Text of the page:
I've learned to pace myself in my work. There are days when I am able to work 10 hours for the day and other days when I can only manage 4 hours. Instead of pushing myself past my breaking point, I must assess my health and my capability and balance it with my work load not only for the day but for the week before I recover during the weekend. If I need to work longer on a particular day, I've learned to lighten my load and increase my resting period on the day prior to my long work day.

For the past 4 months I have been battling anemia after a trial period without iron or B12 medication. I became so fatigued that I was hardly able to keep my eyes open past 11 am on average. I was experiencing multiple symptoms of iron and B12 deficiency and my daily functioning was greatly impaired. I began to worry about my ability to remain employed as my work performance was suffering and unacceptable in my eyes. I voiced my concerns to my managers and restarted my B12 medication on my own. I had to make a change before my functioning continued to diminish.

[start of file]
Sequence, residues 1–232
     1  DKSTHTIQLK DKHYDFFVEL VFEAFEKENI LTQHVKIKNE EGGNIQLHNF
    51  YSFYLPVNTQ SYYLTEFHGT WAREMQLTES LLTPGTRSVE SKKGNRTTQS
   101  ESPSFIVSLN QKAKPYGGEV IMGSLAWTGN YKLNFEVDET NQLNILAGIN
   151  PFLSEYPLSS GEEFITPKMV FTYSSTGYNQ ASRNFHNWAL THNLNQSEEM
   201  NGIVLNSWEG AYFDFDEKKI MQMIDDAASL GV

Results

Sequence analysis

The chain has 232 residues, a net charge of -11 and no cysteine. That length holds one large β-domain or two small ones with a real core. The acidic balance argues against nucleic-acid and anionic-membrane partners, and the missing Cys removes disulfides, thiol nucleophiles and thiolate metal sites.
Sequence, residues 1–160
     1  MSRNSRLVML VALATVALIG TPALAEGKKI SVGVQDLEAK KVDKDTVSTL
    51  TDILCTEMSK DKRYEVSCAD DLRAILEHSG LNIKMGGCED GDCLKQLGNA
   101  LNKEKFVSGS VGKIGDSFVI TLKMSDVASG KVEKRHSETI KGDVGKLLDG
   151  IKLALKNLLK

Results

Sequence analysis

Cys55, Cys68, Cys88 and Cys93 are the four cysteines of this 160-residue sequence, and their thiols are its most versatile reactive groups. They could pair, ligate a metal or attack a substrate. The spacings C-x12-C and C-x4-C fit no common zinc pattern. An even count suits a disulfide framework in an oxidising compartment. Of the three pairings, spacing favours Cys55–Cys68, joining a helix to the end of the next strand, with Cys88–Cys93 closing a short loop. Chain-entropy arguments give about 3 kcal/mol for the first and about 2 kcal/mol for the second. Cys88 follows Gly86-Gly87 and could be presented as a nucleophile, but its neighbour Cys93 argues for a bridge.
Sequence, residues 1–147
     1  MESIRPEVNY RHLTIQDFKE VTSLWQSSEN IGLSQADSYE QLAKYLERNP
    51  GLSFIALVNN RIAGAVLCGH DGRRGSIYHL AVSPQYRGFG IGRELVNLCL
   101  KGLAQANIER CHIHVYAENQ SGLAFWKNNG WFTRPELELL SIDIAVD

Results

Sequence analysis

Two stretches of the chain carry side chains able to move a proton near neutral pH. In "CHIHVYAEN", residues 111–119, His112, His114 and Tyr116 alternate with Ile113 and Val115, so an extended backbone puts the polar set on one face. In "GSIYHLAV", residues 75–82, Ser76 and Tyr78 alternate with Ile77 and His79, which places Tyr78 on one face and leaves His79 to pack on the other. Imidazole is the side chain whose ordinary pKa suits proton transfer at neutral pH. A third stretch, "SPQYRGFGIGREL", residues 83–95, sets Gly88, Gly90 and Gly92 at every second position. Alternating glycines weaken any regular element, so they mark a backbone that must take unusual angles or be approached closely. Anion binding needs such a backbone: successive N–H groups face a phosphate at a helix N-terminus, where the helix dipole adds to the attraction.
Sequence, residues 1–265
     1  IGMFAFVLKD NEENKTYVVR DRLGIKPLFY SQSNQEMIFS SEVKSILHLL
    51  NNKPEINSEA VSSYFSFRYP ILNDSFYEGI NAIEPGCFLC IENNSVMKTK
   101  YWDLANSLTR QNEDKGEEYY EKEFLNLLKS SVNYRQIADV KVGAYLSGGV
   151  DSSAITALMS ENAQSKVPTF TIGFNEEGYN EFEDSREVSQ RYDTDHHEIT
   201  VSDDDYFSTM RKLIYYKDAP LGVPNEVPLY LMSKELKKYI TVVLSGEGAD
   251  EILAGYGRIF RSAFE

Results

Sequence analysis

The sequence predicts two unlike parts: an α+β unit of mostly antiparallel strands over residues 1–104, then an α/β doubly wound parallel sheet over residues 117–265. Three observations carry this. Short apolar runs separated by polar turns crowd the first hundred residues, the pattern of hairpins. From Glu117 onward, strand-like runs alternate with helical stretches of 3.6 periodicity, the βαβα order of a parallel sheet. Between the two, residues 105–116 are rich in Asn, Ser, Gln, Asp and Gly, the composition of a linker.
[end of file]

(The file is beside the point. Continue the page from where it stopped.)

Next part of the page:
My employers are aware of my health issues and work with me to help me balance my health and my work. Working for an understanding employer has been key to my employment sustainability. I'm able to flex my time as needed, utilize intermittent Family Medical Leave of Absence, and continue my efforts to maintain a high work performance while monitoring my health status. My managers work with me on bad days and appreciate my good days. They have faith that I will complete my responsibilities, if not today then within a timely manner.

It takes a combination of effort and measures to maintain the best of health particularly when undergoing additional demands upon your body and health. Finding the correct combination for balance takes time and effort of trial and error. It's important to not compare your level of functioning to another as one person's balance set won't be the same balance set for another. It's vital for our well-being to find our own balance and not push ourselves past that balance in order to thrive with whatever endeavors we're pursuing.